Friday, August 7, 2009

A Lesson in Trust

I have an appointment for my next MRI to see if Grizelda is gone for good. This waiting to know what is happening inside me is a very interesting thing. Both times the tumor has been discovered, I’ve felt fine. There were no symptoms, no reason for me to be concerned. And yet growing inside me was a dangerous tumor.

It has made me wonder how many other dangerous things are lurking or have been lurking in my life without me knowing it. Sometimes, as with Grizelda, I eventually find out. But how many things have happened that I never have discovered? Perhaps an automobile accident that I was spared because the Spirit prompted me to go a different direction, or a child prevented me from getting out of the house on time so that I wasn’t at the place the accident would have happened when it would have happened. Perhaps what I’ve thought was a terrible nuisance was really a blessing.

It will be interesting to someday look back on our lives and see the many times the Lord intervened to help us and we didn’t have a clue that He was there or that He was helping. What Grizelda has taught me is to be more vigilant in looking for these things and to trust that even when I can’t see the reasoning for something, the Lord has a reason for everything.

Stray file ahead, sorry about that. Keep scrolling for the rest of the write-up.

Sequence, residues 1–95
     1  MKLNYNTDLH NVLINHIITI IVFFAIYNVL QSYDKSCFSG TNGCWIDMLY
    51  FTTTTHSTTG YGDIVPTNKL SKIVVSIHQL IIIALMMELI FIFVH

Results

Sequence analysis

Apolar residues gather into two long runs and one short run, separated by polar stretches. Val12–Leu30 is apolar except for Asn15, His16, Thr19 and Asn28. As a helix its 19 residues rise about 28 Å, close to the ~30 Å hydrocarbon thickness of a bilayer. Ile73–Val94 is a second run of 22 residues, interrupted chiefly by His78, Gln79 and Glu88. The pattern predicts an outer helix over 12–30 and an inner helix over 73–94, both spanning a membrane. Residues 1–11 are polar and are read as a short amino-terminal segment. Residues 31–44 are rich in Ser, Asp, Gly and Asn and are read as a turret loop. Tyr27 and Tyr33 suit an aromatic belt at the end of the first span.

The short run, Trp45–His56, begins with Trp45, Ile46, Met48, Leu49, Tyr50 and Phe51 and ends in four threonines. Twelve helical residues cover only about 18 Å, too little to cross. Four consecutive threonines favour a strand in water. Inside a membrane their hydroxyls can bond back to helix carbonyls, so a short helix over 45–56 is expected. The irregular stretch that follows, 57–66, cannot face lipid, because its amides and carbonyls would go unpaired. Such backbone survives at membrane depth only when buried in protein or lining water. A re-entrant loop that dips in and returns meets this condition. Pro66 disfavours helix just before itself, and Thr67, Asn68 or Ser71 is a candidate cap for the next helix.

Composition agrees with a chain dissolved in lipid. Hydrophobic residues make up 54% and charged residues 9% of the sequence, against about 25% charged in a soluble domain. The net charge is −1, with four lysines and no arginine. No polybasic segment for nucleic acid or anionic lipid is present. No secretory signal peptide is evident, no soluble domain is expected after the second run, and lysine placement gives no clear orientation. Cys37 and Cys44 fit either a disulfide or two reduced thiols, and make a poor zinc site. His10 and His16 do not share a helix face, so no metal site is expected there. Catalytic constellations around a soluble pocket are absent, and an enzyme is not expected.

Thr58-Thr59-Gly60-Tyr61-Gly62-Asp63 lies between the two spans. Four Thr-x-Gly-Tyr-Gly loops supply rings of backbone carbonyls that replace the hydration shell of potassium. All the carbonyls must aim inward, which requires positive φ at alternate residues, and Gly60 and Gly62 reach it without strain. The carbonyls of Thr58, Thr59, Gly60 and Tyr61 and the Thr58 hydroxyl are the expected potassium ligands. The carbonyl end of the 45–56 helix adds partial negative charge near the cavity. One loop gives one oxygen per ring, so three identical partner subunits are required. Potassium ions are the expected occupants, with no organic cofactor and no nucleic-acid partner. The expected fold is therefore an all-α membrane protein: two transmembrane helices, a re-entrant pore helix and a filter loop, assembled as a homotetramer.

Thursday, August 6, 2009

Being the Prince or Princess

When I was a girl I spent many hours in the cherry orchard behind our house daydreaming. I had a favorite tree where I could nestle into the branches, (I called it my nest) and I’d watch the robins eat cherries and pretend I was Heidi in the Alps, or one of the Mickey Mouse Mousketeers. But most often I imagined myself to be a princess that ruled over the robins. The orchard was my kingdom, and having a very vivid imagination, I could spend hours feeling elegant while watching the affairs of my kingdom from the high tower of my beautiful castle.

I miss the magic of those days. But I’ve come to understand that my make-believe wasn’t all that far off. Building and watching over a kingdom—the kingdom of God—is what life is all about. And building that kingdom begins in the mind by the way we think.